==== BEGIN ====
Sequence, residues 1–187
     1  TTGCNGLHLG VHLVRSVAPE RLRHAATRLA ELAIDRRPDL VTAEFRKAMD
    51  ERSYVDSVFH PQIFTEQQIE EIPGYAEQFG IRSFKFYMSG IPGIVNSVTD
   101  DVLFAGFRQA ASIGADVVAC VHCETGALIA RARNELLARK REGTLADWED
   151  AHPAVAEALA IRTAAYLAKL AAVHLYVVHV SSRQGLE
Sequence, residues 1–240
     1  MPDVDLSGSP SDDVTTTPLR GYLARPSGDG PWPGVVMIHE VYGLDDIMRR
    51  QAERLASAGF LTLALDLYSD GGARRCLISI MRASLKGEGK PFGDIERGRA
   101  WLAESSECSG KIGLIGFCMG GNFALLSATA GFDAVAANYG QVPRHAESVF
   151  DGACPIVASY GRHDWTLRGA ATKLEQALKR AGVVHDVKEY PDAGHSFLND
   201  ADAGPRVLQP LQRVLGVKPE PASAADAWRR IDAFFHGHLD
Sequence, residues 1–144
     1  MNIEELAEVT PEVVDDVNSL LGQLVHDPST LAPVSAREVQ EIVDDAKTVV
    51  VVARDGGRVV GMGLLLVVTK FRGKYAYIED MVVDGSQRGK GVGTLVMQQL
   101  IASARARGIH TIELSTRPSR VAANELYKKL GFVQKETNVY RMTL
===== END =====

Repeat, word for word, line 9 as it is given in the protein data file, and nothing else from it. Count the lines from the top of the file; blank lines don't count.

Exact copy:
   101  WLAESSECSG KIGLIGFCMG GNFALLSATA GFDAVAANYG QVPRHAESVF